Anglican Samizdat

October 26, 2009

Northridge long-term care home and its lack of care

Filed under: Care for the elderly — David @ 3:37 pm
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I have chronicled the tribulations experienced by my father-in-law in an Oakville nursing home in an earlier post.

After the episodes I described there and numerous complaints, things seemed to improve – until last week when he was diagnosed with pneumonia.

The nursing supervisor – I’ll call her “Angela”, mainly because that’s her real name – informed us that John had not been taking his Tylenol to reduce his fever or his antibiotics to heal the pneumonia. The question and answer session then went something like this:

Us: Can you find some other way to give John his medicine – how about a suppository?

Angela: No we don’t do that – you would have to hire a private nurse. (when I asked if that was really the answer, Angela said “no” she was just “messing with our heads”).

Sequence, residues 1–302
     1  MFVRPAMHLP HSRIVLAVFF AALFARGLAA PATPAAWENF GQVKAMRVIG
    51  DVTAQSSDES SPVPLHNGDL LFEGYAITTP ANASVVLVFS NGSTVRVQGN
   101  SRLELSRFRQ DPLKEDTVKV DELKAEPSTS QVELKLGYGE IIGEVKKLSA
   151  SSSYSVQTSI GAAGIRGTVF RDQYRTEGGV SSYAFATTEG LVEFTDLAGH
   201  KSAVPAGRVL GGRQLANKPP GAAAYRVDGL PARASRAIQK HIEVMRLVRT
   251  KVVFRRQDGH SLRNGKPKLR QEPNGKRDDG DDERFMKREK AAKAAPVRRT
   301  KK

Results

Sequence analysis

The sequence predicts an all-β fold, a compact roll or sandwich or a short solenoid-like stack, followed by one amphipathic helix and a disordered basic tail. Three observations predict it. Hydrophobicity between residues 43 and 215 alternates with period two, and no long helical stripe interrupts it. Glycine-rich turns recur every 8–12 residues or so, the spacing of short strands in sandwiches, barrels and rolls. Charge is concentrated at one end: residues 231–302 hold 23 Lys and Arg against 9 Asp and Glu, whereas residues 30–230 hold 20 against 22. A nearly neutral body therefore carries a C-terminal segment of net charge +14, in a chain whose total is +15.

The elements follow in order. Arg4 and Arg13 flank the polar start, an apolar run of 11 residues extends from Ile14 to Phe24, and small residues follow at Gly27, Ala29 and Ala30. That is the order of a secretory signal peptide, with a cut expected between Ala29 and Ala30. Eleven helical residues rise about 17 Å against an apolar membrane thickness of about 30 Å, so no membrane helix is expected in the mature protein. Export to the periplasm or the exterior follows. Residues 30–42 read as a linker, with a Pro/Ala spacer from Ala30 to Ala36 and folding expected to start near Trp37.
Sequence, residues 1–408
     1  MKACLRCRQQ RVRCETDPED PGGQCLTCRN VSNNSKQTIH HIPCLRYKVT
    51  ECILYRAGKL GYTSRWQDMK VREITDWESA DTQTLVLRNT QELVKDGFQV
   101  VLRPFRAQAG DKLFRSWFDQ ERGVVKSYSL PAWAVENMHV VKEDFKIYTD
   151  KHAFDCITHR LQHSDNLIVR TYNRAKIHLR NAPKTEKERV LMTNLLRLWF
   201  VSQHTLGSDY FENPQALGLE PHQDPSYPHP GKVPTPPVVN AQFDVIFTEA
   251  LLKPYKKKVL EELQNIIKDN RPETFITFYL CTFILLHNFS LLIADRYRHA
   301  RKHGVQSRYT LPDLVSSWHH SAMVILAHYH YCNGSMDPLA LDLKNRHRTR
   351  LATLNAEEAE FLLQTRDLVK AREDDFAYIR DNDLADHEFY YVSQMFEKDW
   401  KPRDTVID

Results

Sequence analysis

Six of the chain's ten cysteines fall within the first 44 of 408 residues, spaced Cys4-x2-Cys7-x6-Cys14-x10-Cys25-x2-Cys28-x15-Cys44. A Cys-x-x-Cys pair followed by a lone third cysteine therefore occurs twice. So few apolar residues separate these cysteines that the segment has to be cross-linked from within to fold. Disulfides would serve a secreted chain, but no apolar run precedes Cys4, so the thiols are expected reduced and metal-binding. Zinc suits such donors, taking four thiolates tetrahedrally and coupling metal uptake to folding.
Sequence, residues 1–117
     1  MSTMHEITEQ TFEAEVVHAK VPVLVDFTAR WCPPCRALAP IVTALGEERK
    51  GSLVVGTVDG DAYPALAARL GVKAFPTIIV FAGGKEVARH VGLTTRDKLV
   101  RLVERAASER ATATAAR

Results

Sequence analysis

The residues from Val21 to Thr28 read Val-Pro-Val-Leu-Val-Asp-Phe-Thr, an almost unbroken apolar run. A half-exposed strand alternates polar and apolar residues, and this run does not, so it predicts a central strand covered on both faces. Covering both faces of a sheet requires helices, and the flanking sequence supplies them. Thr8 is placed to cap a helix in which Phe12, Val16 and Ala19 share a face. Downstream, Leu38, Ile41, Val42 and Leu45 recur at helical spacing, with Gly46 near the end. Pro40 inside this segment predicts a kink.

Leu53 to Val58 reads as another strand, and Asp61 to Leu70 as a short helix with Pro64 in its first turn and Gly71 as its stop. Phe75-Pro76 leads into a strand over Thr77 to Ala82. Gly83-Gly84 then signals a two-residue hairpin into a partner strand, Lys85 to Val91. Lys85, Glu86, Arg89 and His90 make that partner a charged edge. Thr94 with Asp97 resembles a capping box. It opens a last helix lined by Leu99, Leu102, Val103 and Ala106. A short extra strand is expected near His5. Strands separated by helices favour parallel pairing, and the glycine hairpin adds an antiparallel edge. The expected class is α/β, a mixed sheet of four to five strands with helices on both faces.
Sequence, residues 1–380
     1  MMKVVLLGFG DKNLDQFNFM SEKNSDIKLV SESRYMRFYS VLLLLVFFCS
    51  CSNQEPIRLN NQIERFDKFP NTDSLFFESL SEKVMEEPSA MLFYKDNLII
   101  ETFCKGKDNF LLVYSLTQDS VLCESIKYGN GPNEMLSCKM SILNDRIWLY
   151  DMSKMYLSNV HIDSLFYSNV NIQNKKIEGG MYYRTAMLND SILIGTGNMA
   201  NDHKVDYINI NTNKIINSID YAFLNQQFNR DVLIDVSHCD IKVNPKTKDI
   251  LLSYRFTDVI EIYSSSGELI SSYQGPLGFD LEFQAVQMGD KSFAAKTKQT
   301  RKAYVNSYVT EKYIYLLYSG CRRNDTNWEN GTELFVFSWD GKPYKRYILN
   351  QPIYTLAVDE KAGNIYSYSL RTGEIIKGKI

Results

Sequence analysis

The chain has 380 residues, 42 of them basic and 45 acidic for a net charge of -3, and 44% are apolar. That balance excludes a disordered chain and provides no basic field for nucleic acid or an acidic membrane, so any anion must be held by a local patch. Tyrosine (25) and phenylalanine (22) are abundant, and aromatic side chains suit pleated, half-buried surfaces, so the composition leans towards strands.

Us: He has mouth sores – that is why he won’t drink. Can you wash his mouth with a salt solution?

Angela: we don’t do that.

Us: He looks dehydrated; can you put him on a drip to re-hydrate him?

Angela: we don’t have the staff to do that.

Us: This is a nursing home, isn’t it? What do you advise, should we call an ambulance and have him taken to hospital?

Angela: He’s a level 3: you have to decide.

Us: well can you phone the doctor on call so we can ask him?

Angela: No, I can only call the doctor if John is injured or if he falls out of bed [!]. He is quite comfortable; you can leave him until Monday if you like and the doctor can look at him then.

After a lot more arguing the doctor was called and he advised us to call an ambulance at once. The immediate reaction of the paramedics was disbelief that the nursing home hadn’t found some way to administer the medicine that John needed.